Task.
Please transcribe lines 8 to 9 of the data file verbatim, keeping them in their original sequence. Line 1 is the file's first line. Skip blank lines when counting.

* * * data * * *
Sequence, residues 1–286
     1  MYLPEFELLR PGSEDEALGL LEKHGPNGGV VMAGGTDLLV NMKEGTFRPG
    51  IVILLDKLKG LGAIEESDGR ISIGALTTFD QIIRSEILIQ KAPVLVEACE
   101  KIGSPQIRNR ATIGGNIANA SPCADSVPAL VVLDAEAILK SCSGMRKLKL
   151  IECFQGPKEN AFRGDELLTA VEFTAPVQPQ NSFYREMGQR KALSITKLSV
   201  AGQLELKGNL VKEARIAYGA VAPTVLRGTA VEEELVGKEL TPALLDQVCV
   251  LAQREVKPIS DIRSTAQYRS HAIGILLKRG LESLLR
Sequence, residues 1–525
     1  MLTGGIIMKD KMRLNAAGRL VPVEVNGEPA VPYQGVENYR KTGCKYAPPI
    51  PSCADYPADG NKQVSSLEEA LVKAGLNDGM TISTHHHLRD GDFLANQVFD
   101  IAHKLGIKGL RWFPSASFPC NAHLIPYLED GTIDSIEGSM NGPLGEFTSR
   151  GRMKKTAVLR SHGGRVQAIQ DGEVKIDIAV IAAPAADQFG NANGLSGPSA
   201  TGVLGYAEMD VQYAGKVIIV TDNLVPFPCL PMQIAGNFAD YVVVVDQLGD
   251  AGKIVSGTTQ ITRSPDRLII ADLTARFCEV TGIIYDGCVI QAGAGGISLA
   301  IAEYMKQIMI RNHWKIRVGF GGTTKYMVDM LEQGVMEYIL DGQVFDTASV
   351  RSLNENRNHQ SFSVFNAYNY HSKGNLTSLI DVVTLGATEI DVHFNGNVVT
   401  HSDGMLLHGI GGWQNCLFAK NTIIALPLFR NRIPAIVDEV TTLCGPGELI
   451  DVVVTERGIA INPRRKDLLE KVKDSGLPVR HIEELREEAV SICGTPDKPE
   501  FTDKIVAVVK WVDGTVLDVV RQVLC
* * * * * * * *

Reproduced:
Sequence, residues 1–525
     1  MLTGGIIMKD KMRLNAAGRL VPVEVNGEPA VPYQGVENYR KTGCKYAPPI